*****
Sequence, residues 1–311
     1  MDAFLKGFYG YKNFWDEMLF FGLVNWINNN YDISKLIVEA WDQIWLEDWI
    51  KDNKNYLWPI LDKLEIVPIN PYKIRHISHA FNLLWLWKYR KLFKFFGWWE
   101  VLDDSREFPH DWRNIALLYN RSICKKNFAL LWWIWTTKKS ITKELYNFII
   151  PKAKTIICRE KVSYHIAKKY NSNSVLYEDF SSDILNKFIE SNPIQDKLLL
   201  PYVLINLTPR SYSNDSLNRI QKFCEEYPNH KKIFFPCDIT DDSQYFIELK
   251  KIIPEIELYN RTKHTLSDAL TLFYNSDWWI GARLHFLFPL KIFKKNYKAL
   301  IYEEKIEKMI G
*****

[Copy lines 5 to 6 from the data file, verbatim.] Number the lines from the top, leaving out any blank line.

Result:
   151  PKAKTIICRE KVSYHIAKKY NSNSVLYEDF SSDILNKFIE SNPIQDKLLL
   201  PYVLINLTPR SYSNDSLNRI QKFCEEYPNH KKIFFPCDIT DDSQYFIELK